Chantal Huinink is a motivational speaker, author, and social justice advocate who lives with cerebral palsy. Chantal is completing a double-masters in Divinity and Social Work through Wilfred Laurier University in Waterloo, Ontario. Chantal serves as Coordinator of Organizational and Spiritual Life with Christian Horizons and is a certified trainer of Joni and Friends Beyond Suffering curriculum.
This reminds me of what it means to belong to the Church. The Bible uses a lot of “green” imagery, from the tree of life in Genesis to Christ being a vine and his followers the branches. Do we think of God like a cold, hard trunk – looking for everyone to fit into an identical slot in the church?
By Chantal Huinink
As I stowed away my Christmas decorations for another year, I recalled helping my grade one teacher set up her fake Christmas tree in our classroom. The trunk of the tree was cold and hard. The branches all looked the same. My job was to fit each branch into their predetermined slots. When we were finished setting up the tree, I can remember feeling like something was missing, because it did not have the unmistakable smell of a real evergreen.
This reminds me of what it means to belong to the Church. The Bible uses a lot of “green” imagery, from the tree of life in Genesis to Christ being a vine and his followers the branches. Do we think of God like a cold, hard trunk – looking for everyone to fit into an identical slot in the church? Is Christ’s church like a fake tree, where every branch looks the same? No, the Church is like a real evergreen. We carry the ‘fragrance of Christ,’ as Paul says in 2 Corinthians 2:15. We serve a God who is warm and loving and who supplies the nourishment we need to flourish. The branches of this tree are beautiful and diverse, rather than identical and inauthentic.
This analogy is meaningful to me because I was born with Cerebral Palsy, which causes difficulty coordinating my arms and legs, along with significant visual impairment. As a result, I rely on the use of a power wheelchair, electronic reading devices, and several assistants to help me with the tasks of daily living. As a child in church, I thought that something went wrong with the way God created me. It was my responsibility to find ways of doing what everyone else could do and to become “normal” somehow so that I could fit the “Christian mold” – just like everyone else. I assumed that this was the best way to fulfill God’s plan for my life.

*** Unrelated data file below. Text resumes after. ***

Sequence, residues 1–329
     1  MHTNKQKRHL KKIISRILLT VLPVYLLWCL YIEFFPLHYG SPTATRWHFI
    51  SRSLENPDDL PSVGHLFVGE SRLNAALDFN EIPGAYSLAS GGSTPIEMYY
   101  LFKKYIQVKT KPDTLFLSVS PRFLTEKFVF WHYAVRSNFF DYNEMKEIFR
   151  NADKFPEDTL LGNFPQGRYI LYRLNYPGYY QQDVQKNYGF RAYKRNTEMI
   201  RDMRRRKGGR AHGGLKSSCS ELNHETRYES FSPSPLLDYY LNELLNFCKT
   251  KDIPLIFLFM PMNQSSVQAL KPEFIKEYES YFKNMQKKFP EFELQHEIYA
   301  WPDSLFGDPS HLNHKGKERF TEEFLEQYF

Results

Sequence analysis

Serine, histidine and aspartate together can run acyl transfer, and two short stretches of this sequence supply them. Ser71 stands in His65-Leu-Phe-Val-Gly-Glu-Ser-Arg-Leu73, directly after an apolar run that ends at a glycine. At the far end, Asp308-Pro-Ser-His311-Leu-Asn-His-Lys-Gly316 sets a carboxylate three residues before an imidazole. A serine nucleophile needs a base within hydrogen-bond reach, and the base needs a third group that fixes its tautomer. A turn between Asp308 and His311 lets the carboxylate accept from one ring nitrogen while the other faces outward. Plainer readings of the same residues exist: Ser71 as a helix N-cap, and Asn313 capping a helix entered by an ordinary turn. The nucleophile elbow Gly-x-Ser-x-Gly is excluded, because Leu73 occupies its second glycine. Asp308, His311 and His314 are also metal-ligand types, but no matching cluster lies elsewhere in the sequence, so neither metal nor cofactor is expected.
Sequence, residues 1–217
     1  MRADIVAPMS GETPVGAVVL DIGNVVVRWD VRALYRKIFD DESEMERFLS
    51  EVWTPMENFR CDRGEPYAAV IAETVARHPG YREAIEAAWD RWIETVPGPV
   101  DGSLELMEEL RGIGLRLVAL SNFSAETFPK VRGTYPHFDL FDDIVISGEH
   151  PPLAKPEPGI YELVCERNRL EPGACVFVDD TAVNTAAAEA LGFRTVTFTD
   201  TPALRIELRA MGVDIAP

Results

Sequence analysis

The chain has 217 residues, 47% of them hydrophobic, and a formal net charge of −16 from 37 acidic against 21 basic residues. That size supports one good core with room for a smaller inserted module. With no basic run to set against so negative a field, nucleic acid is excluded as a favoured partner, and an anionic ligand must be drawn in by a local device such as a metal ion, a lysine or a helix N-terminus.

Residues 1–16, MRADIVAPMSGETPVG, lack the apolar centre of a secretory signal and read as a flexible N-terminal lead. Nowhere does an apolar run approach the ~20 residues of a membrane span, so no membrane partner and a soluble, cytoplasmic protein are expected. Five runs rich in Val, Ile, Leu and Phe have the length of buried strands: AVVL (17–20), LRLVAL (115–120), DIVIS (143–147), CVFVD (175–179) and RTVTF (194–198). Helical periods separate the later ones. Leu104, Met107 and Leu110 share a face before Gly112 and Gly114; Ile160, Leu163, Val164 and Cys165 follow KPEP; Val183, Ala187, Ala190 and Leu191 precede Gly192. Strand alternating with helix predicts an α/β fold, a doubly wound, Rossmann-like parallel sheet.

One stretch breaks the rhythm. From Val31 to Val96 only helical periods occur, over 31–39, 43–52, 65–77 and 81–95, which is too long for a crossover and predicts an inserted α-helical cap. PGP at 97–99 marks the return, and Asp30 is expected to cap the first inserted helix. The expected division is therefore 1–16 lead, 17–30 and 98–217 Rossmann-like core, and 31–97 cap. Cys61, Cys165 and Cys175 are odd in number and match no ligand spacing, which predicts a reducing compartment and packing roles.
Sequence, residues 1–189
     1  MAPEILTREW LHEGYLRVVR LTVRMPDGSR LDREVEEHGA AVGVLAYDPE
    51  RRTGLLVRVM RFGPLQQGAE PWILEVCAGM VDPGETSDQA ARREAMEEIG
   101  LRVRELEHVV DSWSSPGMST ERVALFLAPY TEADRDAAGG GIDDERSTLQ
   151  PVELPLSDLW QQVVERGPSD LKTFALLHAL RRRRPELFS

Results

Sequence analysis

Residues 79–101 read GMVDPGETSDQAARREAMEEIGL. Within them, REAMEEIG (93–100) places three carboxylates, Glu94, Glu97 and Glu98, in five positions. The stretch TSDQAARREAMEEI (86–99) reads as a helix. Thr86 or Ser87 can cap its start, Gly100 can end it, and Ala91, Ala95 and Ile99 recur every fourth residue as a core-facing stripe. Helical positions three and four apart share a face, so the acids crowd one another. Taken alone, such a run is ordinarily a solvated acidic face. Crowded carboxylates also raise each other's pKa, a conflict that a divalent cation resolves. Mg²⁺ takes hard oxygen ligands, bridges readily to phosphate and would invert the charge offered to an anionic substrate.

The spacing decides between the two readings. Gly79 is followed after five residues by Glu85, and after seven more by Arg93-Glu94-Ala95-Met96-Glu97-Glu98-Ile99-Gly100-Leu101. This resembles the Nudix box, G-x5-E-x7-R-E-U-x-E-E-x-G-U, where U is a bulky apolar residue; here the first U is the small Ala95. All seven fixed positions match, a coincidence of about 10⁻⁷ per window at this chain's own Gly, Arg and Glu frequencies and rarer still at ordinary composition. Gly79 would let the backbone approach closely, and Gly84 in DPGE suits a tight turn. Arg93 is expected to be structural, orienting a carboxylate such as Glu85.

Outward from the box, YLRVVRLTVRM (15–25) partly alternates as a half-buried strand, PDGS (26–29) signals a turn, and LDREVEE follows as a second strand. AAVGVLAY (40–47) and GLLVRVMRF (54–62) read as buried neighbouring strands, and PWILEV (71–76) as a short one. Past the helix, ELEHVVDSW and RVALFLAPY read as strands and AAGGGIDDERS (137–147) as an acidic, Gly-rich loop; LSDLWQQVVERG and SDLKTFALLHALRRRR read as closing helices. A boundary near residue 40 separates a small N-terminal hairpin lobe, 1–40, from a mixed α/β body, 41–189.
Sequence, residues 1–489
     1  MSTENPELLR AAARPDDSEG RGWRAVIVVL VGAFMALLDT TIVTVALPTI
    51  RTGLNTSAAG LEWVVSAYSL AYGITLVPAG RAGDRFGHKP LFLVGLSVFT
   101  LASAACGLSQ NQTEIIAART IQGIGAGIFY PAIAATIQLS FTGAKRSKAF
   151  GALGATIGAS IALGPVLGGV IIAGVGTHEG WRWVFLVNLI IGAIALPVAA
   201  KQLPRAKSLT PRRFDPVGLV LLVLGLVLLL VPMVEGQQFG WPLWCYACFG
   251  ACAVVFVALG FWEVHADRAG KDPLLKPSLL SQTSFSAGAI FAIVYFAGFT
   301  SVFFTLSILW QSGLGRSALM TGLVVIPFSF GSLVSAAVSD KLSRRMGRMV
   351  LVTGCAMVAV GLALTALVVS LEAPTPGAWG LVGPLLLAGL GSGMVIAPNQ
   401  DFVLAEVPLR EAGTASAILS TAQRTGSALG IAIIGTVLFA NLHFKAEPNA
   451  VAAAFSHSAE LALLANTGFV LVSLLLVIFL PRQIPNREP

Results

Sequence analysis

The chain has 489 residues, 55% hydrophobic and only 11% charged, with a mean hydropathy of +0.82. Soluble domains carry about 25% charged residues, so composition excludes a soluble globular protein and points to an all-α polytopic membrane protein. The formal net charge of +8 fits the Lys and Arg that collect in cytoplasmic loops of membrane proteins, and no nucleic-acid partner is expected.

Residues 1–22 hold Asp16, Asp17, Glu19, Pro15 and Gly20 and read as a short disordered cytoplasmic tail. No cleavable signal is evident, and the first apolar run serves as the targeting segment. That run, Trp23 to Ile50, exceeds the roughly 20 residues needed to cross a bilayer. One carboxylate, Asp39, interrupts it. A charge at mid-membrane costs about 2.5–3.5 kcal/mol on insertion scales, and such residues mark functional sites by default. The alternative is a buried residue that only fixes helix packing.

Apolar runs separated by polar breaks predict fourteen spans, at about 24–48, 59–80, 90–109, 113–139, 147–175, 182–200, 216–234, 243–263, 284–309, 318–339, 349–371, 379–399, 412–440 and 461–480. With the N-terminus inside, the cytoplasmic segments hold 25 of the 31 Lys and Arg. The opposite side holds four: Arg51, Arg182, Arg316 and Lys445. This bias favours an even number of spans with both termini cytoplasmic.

Thankfully, I came to realize that the Church of Christ is not like a fake tree where everyone needs to look and act the same. Canadian disability advocate, Judith Snow, reminds us that God does not categorize people as able-bodied or disabled. These categories are arbitrary human constructions. God sees us in light of the gifts and abilities He has entrusted to us. Eventually, my church began to nurture my spiritual gifts and encourage me to serve in various capacities from children’s ministry to pastoral care, even if it meant partnering with others to do so. As part of this “flourishing,” I came to see that belonging is not simply about being welcome or included, but also having a valued role.
Do you long for your church to be a living and welcoming place for people of all abilities? Christian Horizons’ EveryBody Belongs service guide and resource materials will help equip you to foster communities of belonging with everyone. We are happy to come alongside you to explore next steps in ensuring that people with disabilities and their families fully contribute and enjoy fullness of life in your church community.
Chantal Huinink is the Coordinator of Organizational and Spiritual Life with Christian Horizons.